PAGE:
Detlef Weigel says: “Evolution may not work rapidly enough to save these plants, but we are fortunate since we now have genomic technologies that give these plants a head start. Just as genome editing is revolutionizing medicine and animal breeding, it is a revolutionary technology for plants. Of course, our first priority must be to stop climate change – another area in which genome-edited plants can play an important role, by permanently removing carbon dioxide from the atmosphere.”

The 2020 Novozymes Prize comes as a great surprise to Detlef Weigel.

“Only a few people think of me as a biotechnologist first, so I feel doubly honoured that this was seen as an important contribution to biotechnology. Even though I will be the one who will be honoured, it is really for my team and the efforts of many amazing people with whom I have worked over the years. I would like to thank all of them in accepting this Prize.”

Prize ceremony

Detlef Weigel will officially receive the 2020 Novozymes Prize at a prize ceremony on 27 March in Bagsværd, Denmark.

About Detlef Weigel

  • 2019 Barbara McClintock Prize for Plant Genetics and Genome Studies
  • 2016 Genetics Society of America Medal
  • 2015 Mendel Medal of the German National Academy of Sciences Leopoldina
  • 2010 Foreign Member, Royal Society of London
  • 2010 Otto Bayer Award of the Bayer Foundations
  • 2009 Member, United States National Academy of Sciences
  • 2001 Director, Department of Molecular Biology, Max Planck Institute for Developmental Biology, Tübingen, Germany
  • 2003 Adjunct Professor, Plant Biology Laboratory, Salk Institute for Biological Studies, La Jolla, CA, USA
  • 1994 National Science Foundation Young Investigator Award
  • 1988 PhD in Genetics, Max Planck Institute of Developmental Biology and Eberhard Karls University of Tübingen, Germany

    About the Novozymes Prize

    The Prize is awarded to recognize a pioneering research effort or a technological contribution that promotes the development of biotechnology science to generate innovative solutions. The Prize is accompanied by DKK 3 million: DKK 2.5 million for the Prize recipient’s research and a personal award of DKK 0.5 million.

    The Prize is awarded for a predominantly European contribution. Prize recipients must be employed at a public or non-profit research institution in a European country. They can have any nationality. The Committee on the Novozymes Prize awards the Prize on behalf of the Novo Nordisk Foundation based on nominations received. Anyone may nominate a candidate for the Prize.

    About the Max Planck Society and the Max Planck Institute for Developmental Biology

    The Max Planck Society is Germany’s most successful research organization. Since its establishment in 1948, no fewer than 18 Nobel laureates have emerged from the ranks of its scientists, putting it on a par with the best and most prestigious research institutions worldwide. The more than 15,000 publications each year in internationally renowned scientific journals are proof of the outstanding research work conducted at Max Planck Institutes – and many of those articles are among the most frequently cited publications in the relevant field. The Max Planck Institute for Developmental Biology studies fundamental aspects of microbial, plant and animal biology both in the laboratory and in natural settings. To this end, it makes use of approaches that range from biochemistry and cell and developmental biology to evolutionary and ecological genetics, functional genomics and computational biology.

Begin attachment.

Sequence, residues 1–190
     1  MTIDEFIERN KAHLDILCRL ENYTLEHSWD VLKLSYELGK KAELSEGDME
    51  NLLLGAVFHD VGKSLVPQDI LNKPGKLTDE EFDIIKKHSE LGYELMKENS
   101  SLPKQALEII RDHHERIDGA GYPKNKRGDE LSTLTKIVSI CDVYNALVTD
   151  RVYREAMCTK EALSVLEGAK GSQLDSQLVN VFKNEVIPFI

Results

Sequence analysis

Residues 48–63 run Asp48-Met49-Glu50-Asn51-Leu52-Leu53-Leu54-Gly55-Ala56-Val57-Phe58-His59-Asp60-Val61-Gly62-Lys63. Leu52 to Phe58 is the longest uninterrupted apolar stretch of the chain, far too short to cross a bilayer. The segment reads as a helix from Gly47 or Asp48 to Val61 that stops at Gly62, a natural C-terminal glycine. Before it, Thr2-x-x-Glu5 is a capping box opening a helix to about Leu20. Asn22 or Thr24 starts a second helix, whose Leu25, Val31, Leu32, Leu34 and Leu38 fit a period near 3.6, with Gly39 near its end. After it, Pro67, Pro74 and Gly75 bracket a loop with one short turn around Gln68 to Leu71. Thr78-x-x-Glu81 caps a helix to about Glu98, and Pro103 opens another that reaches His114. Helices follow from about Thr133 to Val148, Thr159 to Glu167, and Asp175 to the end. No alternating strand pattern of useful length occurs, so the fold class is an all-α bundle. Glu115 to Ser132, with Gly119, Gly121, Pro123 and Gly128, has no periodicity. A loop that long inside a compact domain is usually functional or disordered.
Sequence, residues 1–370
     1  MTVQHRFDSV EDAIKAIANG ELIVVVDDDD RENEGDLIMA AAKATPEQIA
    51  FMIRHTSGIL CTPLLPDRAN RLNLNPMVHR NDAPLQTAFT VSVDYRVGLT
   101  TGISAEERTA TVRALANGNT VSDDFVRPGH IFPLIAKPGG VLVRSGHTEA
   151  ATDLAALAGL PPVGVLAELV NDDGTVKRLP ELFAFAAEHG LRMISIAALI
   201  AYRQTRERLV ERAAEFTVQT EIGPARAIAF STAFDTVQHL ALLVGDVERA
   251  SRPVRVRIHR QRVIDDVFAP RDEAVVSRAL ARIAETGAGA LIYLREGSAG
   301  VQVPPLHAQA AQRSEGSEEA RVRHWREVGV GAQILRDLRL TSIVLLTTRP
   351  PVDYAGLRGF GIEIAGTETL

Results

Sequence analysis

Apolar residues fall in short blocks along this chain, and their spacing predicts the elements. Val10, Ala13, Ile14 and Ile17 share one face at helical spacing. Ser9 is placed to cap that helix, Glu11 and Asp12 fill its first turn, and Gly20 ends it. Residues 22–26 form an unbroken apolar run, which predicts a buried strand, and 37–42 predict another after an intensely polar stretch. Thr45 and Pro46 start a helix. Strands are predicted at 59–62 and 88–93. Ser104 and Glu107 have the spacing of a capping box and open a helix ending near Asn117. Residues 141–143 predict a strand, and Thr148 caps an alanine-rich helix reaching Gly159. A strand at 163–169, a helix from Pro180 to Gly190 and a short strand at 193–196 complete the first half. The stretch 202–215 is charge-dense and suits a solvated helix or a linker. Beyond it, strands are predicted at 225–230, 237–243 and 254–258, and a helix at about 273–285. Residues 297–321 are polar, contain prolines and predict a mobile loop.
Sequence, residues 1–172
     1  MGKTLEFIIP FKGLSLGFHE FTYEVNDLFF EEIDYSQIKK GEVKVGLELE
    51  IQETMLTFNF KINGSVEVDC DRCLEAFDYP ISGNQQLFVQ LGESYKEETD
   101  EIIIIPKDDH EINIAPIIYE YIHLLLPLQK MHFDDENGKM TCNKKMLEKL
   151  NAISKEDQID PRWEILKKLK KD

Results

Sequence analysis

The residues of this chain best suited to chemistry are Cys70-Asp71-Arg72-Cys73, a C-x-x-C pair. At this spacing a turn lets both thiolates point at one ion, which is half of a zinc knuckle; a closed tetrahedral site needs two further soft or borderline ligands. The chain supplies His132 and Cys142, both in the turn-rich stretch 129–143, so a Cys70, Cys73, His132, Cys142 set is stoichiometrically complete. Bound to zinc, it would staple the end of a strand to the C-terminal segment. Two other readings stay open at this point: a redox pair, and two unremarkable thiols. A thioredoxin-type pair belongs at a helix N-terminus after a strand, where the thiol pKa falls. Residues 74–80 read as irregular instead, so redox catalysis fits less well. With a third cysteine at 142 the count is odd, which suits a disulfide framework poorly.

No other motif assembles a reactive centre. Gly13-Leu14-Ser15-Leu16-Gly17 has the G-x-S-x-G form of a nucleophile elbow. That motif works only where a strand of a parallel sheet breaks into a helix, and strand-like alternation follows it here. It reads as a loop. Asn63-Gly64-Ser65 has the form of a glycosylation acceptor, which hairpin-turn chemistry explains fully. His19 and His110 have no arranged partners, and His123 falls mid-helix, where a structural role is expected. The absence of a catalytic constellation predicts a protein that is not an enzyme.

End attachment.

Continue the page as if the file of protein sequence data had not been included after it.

Further information

    Christian Mostrup, Senior Press Officer, Novo Nordisk Foundation,, +45 3067 4805

    The 2020 Novozymes Prize is being awarded to Professor Detlef Weigel (photo) for his outstanding research contributions that have led to groundbreaking new knowledge of the genetic structure of plants. His work has had major impact on developing innovative biotechnological solutions for crop improvement and understanding how plants adapt to the environment. The Novo Nordisk Foundation awards the Prize, which is accompanied by DKK 3 million.

Decreasing Pod Shatter Means Increasing Sustainability

Improving agricultural sustainability can take on many different forms. It can mean creating more disease-resistant crops, which allows farmers to apply less fungicide. It can mean growing plants that have a different herbicide tolerance, providing an alternative weed control option. And improving agricultural sustainability can even mean something as simple as reducing pod shatter.